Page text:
‘Clean Up This Mess’: The Chinese Thinkers Behind Xi’s Hard Line

Chinese academics have been honing the Communist Party’s authoritarian response in Hong Kong, rejecting the liberal ideas of their youth.

The New York Times
Date: Aug. 2, 2020
By: Chris Buckley

A panel of scholars and experts discussed Hong Kong last year during a briefing in Beijing organized by the State Council Information Office. A generation of Chinese academics has turned against Western-inspired ideas.Credit…Wang Zhao/Agence France-Presse — Getty Images

HONG KONG — When Tian Feilong first arrived in Hong Kong as demands for free elections were on the rise, he said he felt sympathetic toward a society that seemed to reflect the liberal political ideas he had studied as a graduate student in Beijing.

Then, as the calls escalated into protests across Hong Kong in 2014, he increasingly embraced Chinese warnings that freedom could go too far, threatening national unity. He became an ardent critic of the demonstrations, and six years later he is a staunch defender of the sweeping national security law that China has imposed on the former British colony.

Mr. Tian has joined a tide of Chinese scholars who have turned against Western-inspired ideas that once flowed in China’s universities, instead promoting the proudly authoritarian worldview ascendant under Xi Jinping, the Communist Party leader. This cadre of Chinese intellectuals serve as champions, even official advisers, defending and honing the party’s hardening policies, including the rollout of the security law in Hong Kong.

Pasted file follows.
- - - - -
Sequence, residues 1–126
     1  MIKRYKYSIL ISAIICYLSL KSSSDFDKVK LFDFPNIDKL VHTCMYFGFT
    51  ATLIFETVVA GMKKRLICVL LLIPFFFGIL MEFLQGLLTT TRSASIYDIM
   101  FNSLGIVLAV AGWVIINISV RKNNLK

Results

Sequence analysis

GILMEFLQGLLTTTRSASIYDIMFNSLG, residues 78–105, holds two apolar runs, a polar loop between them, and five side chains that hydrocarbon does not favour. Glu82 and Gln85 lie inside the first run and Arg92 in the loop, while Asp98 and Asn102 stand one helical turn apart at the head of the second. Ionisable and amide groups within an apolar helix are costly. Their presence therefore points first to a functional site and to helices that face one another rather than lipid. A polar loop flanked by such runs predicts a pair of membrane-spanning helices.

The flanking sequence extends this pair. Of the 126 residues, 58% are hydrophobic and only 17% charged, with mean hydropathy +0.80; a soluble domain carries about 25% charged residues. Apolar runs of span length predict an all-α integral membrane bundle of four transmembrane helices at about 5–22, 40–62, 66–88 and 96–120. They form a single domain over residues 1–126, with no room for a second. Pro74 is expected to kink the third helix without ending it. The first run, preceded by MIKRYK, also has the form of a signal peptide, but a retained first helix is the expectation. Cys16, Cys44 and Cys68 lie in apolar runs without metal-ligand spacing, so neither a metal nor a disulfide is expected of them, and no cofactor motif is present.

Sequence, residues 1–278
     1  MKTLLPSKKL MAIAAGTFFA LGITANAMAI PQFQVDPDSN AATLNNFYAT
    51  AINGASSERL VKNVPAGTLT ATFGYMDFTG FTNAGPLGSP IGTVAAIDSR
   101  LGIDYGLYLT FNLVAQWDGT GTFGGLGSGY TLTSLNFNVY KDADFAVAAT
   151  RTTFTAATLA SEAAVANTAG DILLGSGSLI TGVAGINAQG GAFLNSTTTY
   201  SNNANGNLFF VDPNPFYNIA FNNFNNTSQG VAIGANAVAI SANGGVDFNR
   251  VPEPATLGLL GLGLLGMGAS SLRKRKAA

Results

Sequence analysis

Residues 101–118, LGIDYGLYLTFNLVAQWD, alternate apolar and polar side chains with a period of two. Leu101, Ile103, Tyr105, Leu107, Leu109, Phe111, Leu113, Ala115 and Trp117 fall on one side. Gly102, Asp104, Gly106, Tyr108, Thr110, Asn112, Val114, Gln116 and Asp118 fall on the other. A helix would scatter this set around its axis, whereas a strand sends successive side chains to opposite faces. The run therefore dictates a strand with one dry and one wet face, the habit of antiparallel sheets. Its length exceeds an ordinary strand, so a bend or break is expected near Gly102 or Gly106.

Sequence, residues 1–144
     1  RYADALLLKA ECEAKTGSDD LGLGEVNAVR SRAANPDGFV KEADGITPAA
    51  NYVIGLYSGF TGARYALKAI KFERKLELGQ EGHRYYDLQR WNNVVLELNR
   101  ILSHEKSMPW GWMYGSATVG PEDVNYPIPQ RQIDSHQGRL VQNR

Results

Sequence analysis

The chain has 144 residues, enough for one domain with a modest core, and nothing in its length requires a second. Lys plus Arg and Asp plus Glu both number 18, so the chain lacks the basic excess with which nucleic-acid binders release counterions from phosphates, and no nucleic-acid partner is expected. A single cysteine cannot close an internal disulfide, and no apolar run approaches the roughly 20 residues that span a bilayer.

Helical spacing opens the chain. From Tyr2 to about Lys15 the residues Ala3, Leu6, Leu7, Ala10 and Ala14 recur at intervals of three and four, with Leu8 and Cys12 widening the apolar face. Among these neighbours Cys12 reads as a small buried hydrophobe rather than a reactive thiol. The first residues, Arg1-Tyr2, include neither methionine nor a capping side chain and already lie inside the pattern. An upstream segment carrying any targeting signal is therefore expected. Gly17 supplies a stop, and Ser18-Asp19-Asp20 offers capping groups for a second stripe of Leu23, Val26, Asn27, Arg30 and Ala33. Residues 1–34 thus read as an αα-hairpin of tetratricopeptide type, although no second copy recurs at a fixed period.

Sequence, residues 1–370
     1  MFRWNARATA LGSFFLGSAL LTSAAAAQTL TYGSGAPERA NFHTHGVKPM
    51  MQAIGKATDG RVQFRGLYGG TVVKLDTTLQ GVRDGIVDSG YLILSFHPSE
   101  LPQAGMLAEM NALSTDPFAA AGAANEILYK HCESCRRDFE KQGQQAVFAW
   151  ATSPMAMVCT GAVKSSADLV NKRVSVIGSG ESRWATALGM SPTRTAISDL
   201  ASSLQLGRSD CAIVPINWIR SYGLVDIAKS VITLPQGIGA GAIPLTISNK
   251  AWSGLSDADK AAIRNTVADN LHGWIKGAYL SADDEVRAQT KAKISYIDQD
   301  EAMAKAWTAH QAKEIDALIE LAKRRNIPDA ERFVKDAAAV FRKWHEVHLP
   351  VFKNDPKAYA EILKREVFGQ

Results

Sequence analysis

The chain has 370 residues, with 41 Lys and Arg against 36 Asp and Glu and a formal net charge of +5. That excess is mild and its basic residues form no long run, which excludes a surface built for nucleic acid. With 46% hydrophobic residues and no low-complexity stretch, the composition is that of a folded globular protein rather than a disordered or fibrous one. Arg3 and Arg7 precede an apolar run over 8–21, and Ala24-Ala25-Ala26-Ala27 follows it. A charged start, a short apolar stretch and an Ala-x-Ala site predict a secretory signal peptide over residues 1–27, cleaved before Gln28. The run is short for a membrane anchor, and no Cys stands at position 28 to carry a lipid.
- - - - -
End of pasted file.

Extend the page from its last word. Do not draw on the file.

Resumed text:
“Back when I was weak, I had to totally play by your rules. Now I’m strong and have confidence, so why can’t I lay down my own rules and values and ideas?” Mr. Tian, 37, said in an interview, explaining the prevailing outlook in China. Witnessing the tumult as a visiting scholar in Hong Kong in 2014, Mr. Tian said, he “rethought the relationship between individual freedom and state authority.”

“Hong Kong is, after all, China’s Hong Kong,” he said. “It’s up to the Communist Party to clean up this mess.”

While China’s Communist Party has long nurtured legions of academics to defend its agenda, these authoritarian thinkers stand out for their unabashed, often flashily erudite advocacy of one-party rule and assertive sovereignty, and their turn against the liberal ideas that many of them once embraced.    [FULL  STORY]